Inyathelo: The South African Institute for Advancement is warning that the proposed amendments to the broad-based black economic empowerment code could have a serious impact on charities and the non-profit sector as a whole. The revised Code of Good Practice says only companies that donate to organisations with 100 percent black beneficiaries will qualify for full points on the socio-economic development element of the Code.
Inyathelo Executive Director Shelagh Gastrow says the unintended consequence of these amendments will be corporates shifting their focus from some organisations to others that do not support any white beneficiaries. “The NPO sector is already on its knees with anchor organisations like Rape Crisis and The South African Red Cross battling to keep their doors open due to severe cuts in local and international funding. The amendments will prevent companies from claiming full points on their BEE scorecard if they give to organisations that assist even one white child or foreign national,” explains
The current Code says corporates can qualify for BEE points if they give to NPOs whose beneficiaries are more than 75 percent black. And a pro-rata calculation is made if the number of black beneficiaries falls below 75 percent. But under the new proposals, companies can only earn full points if every single beneficiary is black and the pro-rata calculation shifts from there. Gastrow says the amendments would further racialise poverty and need. “They provide a perverse incentive to charities and organisations to turn away needy people who are not black or who are refugees in order to secure much needed funds. It also encourages corporates to do a racial audit of an organisation’s beneficiaries before contributing towards much needed socio-economic development in South Africa. You simply can’t discriminate on the basis of colour when it comes to need. We should not be forced to ask a child who has been raped what colour they are before offering assistance,” insists Gastrow.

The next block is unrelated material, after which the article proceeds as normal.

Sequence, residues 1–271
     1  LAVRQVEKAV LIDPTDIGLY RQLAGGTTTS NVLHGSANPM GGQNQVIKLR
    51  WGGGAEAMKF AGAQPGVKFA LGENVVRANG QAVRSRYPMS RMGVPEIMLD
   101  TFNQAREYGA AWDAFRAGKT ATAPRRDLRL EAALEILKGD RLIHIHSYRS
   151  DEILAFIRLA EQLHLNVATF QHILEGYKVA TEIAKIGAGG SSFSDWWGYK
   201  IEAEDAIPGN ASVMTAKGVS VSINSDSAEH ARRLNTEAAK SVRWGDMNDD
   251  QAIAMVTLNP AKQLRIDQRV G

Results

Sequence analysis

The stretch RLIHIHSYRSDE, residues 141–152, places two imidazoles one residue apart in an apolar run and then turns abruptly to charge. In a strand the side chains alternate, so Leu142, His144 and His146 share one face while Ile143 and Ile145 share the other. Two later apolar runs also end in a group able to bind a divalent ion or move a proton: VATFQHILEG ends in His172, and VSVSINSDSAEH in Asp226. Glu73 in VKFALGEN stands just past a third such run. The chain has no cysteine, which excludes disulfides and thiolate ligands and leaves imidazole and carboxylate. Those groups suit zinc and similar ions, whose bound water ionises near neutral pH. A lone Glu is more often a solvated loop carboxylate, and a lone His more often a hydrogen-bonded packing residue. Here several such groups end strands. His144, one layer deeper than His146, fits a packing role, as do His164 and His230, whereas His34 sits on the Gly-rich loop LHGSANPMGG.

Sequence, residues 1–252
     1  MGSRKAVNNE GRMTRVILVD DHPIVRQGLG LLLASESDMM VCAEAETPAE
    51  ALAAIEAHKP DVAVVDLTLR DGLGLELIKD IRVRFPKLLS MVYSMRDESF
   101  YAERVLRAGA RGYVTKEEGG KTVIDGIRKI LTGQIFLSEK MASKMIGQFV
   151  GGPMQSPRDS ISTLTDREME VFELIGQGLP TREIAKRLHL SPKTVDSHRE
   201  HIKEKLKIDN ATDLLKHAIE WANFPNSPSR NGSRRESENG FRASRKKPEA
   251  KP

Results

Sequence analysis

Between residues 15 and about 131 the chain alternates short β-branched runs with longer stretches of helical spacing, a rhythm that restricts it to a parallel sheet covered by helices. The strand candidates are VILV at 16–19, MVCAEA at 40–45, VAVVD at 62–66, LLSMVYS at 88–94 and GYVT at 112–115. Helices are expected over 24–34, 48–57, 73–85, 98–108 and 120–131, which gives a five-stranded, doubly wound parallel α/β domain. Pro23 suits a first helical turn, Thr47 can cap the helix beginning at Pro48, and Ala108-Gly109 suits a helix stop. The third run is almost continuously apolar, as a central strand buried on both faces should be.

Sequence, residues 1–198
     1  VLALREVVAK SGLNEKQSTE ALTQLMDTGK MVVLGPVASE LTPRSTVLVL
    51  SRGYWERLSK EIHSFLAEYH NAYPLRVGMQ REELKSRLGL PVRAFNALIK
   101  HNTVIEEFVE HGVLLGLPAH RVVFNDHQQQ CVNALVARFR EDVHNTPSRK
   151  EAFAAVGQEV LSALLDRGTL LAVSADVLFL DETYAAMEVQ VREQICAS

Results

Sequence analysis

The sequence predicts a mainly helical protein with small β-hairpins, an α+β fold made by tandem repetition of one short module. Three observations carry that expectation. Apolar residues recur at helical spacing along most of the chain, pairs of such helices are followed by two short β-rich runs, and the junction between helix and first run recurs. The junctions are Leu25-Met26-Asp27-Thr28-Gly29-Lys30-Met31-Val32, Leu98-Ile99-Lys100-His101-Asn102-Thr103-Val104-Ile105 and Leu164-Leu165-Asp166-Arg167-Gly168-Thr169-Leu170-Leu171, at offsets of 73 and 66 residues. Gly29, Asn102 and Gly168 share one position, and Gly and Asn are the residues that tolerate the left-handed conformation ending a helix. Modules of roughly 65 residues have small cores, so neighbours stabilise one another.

According to the National Coalition for Social Services which represents 3000 welfare organisations, 70 percent of all welfare services are delivered by non-profit organisations (NPOs). Gastrow says if the amendments go through, government could be sinking the very organisations it relies upon to deliver critical basic services. “NPOs help government meet their Constitutional obligations to those vulnerable members of our society who cannot support themselves. The amendments are against the spirit of our democracy and the pillars on which our Constitution is built. They could result in another form of apartheid where help and support is given according to race, and organisations are forced to segregate those they assist according to the colour of their skin,” says Gastrow.
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